How to Talk About Personal Boundaries at Work
Talking about recovery topics and your boundaries in the workplace can be daunting. However, you may need to have those conversations with coworkers and supervisors to ensure that the company you work for is a safe place where you can stay productive.
Professional boundaries protect your physical and emotional health whether you work in an office or at home. By setting them in place, you keep your professional life from negatively impacting your personal life. According to information published in Frontiers in Psychology, "employees who experienced increases in blurring of work-life boundaries reported a deterioration in healthy lifestyle behaviors, which in turn relates to reduced happiness."
Why Are Boundaries Important to Recovery?
Without personal and professional boundaries, you run the risk of experiencing burnout due to increased stress. Boundaries create a safe space where you can grow and improve without having to worry about being triggered or pressured to do anything that makes you uncomfortable. Workplace boundaries can translate to requiring accommodations to ensure you avoid specific triggers or transfer you to a less stressful position in the workplace. Without stating these needs, your supervisor has no way to know that you may require changes to your work environment.
Boundaries in the Workplace
Most workplaces have guidelines and rules set in place that create expectations of behavior and conduct. Sometimes these are vague, and you might need to introduce personal boundaries to ensure that you feel safe and comfortable. Several examples of workplace boundaries include:
- Not talking about certain topics in the workplace
- Respecting personal privacy and avoiding contact outside of the workspace
- Not using personal numbers or emails to conduct business communication
- Not doing work outside your specific role
- Not discussing private health or relationship issues at work
How to Talk About Boundaries
Conversations about personal or professional boundaries can feel awkward, and you might be uncertain how to introduce the subject. In most cases, it is best to be open and honest about the fact that you need to talk about things your coworkers or supervisor are doing that make you uncomfortable. Most people will listen politely and attempt to set you at ease even if they do not entirely understand the cause of your discomfort. Straightforward and clear communication is essential.
For example, suppose a coworker often makes comments at work about binge drinking on the weekends, and you are recovering from alcohol use disorder (AUD). In that case, you can ask them politely to avoid talking about that topic in the workplace during business hours. Not everyone feels comfortable speaking directly to coworkers about personal issues, so you can also reach out to a human resource representative or your direct supervisor who can act as an intermediary.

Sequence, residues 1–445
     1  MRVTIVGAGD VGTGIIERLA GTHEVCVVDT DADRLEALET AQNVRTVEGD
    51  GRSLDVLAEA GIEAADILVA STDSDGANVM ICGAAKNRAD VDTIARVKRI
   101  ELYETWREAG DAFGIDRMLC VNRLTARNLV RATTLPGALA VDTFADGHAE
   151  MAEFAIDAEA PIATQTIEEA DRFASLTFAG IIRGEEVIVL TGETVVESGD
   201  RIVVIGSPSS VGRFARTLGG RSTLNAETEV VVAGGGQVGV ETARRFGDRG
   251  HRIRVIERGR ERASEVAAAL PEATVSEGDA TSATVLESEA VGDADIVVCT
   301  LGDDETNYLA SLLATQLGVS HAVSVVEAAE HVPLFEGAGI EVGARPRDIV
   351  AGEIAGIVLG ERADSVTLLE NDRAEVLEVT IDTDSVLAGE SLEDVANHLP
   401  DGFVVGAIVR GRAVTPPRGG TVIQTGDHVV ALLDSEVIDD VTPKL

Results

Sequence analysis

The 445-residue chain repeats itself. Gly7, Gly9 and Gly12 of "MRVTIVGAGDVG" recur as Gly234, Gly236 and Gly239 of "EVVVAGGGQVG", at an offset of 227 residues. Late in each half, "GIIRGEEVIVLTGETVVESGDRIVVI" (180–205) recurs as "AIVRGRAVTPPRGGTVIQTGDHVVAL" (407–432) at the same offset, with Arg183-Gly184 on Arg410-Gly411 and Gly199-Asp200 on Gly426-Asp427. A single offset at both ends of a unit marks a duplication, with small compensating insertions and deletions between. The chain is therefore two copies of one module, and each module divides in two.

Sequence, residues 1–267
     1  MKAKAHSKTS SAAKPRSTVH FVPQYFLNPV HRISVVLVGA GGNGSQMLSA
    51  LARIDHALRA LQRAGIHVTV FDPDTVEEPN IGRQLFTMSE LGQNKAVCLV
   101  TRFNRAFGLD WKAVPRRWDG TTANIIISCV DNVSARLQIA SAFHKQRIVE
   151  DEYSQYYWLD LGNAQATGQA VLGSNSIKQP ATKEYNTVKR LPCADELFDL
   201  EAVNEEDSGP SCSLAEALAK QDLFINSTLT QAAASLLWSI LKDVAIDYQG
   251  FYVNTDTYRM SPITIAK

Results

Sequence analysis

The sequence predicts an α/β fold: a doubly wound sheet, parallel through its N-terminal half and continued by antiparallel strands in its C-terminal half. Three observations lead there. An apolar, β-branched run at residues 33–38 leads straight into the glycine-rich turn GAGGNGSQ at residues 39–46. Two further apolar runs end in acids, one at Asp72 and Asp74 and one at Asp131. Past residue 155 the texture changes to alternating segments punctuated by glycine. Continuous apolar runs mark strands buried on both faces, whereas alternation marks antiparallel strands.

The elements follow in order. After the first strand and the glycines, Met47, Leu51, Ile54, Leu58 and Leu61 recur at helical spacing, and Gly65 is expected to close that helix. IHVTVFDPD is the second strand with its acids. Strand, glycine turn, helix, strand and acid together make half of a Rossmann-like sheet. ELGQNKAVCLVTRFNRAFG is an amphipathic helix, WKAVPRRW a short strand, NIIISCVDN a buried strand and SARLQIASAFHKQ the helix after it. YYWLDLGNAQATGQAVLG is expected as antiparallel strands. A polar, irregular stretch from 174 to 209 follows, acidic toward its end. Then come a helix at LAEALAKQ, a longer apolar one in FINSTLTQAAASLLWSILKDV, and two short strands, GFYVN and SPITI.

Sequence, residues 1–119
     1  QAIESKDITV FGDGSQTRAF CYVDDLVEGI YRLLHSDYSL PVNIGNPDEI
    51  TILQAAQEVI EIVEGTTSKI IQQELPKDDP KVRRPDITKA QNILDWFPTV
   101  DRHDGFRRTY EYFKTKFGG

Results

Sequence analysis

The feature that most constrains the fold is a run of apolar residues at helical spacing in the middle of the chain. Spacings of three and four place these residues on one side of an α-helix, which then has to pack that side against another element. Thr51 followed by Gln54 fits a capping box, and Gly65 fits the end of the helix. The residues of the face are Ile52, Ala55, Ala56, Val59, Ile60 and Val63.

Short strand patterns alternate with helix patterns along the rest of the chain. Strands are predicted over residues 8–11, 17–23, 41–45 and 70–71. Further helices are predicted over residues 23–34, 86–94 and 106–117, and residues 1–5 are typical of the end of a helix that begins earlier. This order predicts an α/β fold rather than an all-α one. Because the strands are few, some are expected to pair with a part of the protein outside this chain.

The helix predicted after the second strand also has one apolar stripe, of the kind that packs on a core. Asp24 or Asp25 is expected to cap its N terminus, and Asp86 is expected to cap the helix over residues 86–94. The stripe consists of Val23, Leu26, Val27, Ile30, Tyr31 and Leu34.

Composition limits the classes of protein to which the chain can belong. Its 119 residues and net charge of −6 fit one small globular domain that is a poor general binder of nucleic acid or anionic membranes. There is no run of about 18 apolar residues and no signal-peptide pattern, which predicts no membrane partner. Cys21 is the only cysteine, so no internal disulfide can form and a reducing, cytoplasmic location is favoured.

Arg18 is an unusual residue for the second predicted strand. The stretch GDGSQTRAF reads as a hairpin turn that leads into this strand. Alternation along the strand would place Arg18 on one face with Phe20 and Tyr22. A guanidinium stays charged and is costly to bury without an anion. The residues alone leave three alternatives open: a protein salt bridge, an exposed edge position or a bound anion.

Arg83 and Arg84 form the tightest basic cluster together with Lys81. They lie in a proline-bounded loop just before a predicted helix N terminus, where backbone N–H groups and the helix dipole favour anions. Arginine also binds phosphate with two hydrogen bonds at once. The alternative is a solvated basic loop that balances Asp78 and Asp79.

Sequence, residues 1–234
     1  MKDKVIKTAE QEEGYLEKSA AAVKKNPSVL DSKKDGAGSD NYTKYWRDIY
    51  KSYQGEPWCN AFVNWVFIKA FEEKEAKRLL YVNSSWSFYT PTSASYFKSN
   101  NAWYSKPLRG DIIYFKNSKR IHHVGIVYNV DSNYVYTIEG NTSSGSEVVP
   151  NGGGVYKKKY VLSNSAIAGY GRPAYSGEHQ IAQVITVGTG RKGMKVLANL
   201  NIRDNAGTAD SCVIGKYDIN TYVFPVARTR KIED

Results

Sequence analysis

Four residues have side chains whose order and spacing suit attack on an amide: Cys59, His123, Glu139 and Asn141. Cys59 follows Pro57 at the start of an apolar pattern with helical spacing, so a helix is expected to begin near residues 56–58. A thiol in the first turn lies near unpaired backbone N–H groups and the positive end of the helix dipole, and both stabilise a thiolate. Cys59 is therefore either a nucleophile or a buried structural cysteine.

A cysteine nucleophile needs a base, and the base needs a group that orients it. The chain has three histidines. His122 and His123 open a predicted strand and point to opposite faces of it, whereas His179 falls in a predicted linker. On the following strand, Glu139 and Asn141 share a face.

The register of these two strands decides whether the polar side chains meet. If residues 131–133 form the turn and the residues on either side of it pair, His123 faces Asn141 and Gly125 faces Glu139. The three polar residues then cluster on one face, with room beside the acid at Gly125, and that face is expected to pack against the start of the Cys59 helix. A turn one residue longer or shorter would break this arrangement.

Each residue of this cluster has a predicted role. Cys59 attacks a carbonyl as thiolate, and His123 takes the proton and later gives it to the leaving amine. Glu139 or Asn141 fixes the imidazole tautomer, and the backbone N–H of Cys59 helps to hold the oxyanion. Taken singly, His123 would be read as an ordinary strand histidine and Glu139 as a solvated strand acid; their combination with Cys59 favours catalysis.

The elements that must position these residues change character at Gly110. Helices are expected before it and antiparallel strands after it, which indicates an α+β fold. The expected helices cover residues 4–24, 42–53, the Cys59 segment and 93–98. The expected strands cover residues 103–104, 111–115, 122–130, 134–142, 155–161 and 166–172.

Prepare With a Script
Sometimes making a script of what you would like to say can make it easier. In the scenario described above, you could write a script of what you would like to say to a coworker, supervisor, or human resource representative. Below is an example of how you could approach the subject in a polite and professional way:
- When Speaking to a Coworker: "For personal reasons that I would rather not discuss, it makes me uncomfortable when you talk about drinking or alcohol while we are working. Could you please avoid those conversations while I am working?"
- When Speaking to a Supervisor: "For personal reasons, I would rather not discuss, it makes me uncomfortable when my coworker talks about drinking and alcohol while I am trying to complete my work tasks. Could you please address this with them?"
- When Speaking to a Human Resource Representative: "I feel uncomfortable with the way my coworker talks about alcohol and drinking while I am trying to complete my work tasks, but I do not want to speak directly with him or my supervisor about this issue. Can you help facilitate some changes?"
When talking to anyone at work about boundaries, you always want to avoid blaming language and keep things fact-based.
When to Include Human Resources
According to the Substance Abuse and Mental Health Services Administration (SAMHSA), "co-occurring substance use disorders are generally considered disabilities under federal disability rights laws." If you feel like you need reasonable accommodations to do your job well, you may need to request assistance from your human resource representative. Other reasons you could reach out to human resources rather than your supervisor or coworker include:
- Concerns about retaliation
- You have already attempted to communicate the issue with no success
- Uncertainty about policies and what you can discuss with supervisors and coworkers
- Other communication barriers
Work can be a cause of increased stress. You might feel overburdened or underappreciated. Whatever is causing you to feel stress or anxiety at work should be addressed by creating workplace boundaries. Some of those boundaries can be personal things like refusing to cover for coworkers who are late with their work. Other boundaries need to be discussed directly with your coworkers, supervisor, or human resource representative. Part of treatment for substance use disorder includes learning how to manage unexpected stressful situations. You can use those skills to cope with workplace challenges until you find resolve. At White House Recovery and Detox, we offer aftercare planning and talk therapy to give you the tools you need to safely and comfortably address any issues you encounter when you return to work. To learn more about our program or the services we offer, reach out to us today by calling (800) 510-5393.